Jesus tells stories of the heavenly banquet to which all are invited. The barriers between people are broken down in a loving community around God and Jesus had stern words to say to those who refused to recognise that all are included in this community of friendship.

The Bible has many sayings about friendship:

‘A friend loves at all times.’ (Proverbs 17:17)

Friends are not afraid to tell each other the truth and a friend’s loving criticism is worth more than the empty compliments of someone who does not really care for you.

‘Wounds from a friend can be trusted, but an enemy multiplies kisses.’ (Proverbs 27:6)

The writer of Ecclesiastes puts it very simply: ‘if one falls down, a friend can lift him up’. (Ecclesiastes 4:10)

The friendship of David and Jonathan is very strongly emphasised in the Bible, Abraham is described as the friend of God (James 2:23) and Jesus explicitly calls his disciples not servants but friends (John 15:14 – 15).

Forgiveness – Summer Term 2019

The Christian Value we are particularly focusing on this term is Forgiveness. Forgiveness is fundamental to the character of God. Throughout the Bible, God is described as slow to anger, abounding in love and forgiving sin (Numbers 14:18). Jesus was uncompromising in his command to forgive. Forgive, he said, ‘seventy times seven’ (Matthew 18:21), meaning forgive and keep on forgiving without limit. Forgiveness was at the heart of everything he did and is at the heart of the Lord’s Prayer. When Jesus declared a person’s sins to be forgiven, it often aroused the anger of those who were less willing to forgive than he was and yet a prayer for the forgiveness of his persecutors was on Jesus’ lips as he died. Christian preaching has always put forgiveness at the centre.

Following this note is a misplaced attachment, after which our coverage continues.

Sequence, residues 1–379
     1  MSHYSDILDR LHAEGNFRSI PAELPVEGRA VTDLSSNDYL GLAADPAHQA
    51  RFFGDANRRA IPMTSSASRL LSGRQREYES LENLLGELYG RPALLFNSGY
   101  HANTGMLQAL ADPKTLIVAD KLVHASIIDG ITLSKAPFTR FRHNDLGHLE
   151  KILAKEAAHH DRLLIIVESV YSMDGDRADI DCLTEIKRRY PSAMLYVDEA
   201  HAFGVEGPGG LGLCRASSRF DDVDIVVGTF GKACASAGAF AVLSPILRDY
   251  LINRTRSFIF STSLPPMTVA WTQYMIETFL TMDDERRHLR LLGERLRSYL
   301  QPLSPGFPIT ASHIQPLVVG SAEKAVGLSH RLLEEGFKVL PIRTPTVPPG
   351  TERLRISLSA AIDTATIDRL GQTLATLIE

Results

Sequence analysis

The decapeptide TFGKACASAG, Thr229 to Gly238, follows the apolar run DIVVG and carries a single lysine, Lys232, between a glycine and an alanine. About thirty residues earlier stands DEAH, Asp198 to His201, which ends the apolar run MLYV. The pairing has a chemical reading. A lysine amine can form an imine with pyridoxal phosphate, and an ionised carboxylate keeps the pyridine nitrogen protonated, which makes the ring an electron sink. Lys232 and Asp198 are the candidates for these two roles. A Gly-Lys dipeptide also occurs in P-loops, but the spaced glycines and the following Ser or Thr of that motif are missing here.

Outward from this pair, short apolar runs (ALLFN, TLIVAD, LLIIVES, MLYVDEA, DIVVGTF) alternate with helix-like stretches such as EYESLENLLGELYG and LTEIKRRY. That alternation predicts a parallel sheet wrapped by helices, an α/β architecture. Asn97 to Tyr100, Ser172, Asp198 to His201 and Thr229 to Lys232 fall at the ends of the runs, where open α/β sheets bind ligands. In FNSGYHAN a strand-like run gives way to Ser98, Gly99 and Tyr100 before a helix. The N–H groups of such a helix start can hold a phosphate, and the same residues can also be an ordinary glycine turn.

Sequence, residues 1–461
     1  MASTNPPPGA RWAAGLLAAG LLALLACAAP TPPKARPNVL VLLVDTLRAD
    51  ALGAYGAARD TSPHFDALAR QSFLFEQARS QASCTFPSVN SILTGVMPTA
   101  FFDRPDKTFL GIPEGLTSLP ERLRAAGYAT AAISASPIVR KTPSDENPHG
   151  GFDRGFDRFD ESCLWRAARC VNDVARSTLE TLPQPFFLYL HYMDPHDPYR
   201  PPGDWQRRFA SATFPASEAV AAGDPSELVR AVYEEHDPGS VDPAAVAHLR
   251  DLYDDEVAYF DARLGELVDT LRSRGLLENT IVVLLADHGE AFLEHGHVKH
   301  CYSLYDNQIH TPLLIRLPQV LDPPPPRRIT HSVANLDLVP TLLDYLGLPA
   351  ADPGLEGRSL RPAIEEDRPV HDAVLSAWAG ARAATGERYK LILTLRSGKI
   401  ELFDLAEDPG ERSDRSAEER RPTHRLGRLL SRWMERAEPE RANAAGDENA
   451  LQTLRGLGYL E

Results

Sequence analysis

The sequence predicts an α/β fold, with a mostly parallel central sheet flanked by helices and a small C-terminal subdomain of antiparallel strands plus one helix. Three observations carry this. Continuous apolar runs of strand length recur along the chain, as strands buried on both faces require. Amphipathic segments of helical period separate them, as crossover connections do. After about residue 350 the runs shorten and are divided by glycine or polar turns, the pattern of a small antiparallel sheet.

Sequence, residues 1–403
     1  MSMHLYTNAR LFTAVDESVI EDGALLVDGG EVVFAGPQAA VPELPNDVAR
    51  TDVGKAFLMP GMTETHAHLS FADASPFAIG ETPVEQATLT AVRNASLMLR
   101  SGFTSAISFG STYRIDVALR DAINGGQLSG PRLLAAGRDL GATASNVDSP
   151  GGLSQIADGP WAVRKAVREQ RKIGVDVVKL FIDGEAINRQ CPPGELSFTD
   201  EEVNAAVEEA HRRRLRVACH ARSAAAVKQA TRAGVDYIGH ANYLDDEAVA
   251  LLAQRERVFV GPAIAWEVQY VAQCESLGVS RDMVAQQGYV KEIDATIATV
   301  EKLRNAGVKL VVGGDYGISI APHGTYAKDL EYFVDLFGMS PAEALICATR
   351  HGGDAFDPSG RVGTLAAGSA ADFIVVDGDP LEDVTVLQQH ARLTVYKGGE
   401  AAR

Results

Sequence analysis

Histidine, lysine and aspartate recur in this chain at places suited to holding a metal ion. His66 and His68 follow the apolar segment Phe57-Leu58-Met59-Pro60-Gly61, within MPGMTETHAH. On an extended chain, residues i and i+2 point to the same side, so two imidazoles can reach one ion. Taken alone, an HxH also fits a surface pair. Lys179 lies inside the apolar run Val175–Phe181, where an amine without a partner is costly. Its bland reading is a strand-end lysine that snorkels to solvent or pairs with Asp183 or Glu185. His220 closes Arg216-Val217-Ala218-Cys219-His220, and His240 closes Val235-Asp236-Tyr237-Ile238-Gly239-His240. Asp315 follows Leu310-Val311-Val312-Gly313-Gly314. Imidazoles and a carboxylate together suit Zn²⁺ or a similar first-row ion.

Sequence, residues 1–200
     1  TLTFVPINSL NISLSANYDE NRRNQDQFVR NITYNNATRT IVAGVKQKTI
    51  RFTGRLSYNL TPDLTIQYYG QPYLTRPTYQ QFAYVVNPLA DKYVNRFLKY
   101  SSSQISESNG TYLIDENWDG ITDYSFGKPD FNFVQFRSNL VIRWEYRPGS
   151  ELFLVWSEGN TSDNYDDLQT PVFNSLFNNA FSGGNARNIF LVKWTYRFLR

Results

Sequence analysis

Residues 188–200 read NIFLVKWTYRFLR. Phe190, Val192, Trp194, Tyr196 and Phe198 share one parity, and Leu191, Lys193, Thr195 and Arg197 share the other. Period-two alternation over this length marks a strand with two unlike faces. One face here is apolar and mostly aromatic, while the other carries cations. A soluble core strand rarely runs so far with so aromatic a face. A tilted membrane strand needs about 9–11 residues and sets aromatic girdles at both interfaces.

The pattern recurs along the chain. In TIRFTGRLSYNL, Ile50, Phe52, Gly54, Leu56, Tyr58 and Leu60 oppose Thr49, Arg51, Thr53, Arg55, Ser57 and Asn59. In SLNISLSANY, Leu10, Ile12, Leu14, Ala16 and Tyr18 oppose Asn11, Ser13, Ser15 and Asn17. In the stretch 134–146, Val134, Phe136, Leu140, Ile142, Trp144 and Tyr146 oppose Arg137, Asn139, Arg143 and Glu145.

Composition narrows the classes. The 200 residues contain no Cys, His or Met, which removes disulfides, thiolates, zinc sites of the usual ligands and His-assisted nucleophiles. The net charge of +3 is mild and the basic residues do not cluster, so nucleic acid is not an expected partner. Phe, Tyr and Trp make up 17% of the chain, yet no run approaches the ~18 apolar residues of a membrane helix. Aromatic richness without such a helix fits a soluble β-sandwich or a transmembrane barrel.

We forgive because we are forgiven. Forgiveness cannot be given or received unless it is asked for, and the asking must be genuine and from the heart. Too often ‘sorry’ is said very easily, implying: ‘All I need to do is say I’m sorry and everything will be OK’. Real repentance demands that we take what we have done wrong with the utmost seriousness and have a deep desire not to do it again.  We will be linking Forgiveness to ‘Jesus and Zacchaeus the Tax Collector’ (Luke 19: 2 -10)

‘Be compassionate and kind to one another, forgiving each other, just as in Christ God forgave you.’ (Ephesians 4:32)

Creativity – Spring Term 2019

Christians believe that life is a ‘gift’, given to them by their loving God.  Each person has a creative spirit within them which allows them to value and explore, celebrate and enjoy this world in all its mystery and diversity.  With this gift comes a responsibility to make sure that creation is not spoiled, but cared for and shared by all.

‘So God created mankind in his own image, in the image of God he created them; male and female he created them.’ (Genesis 1:27)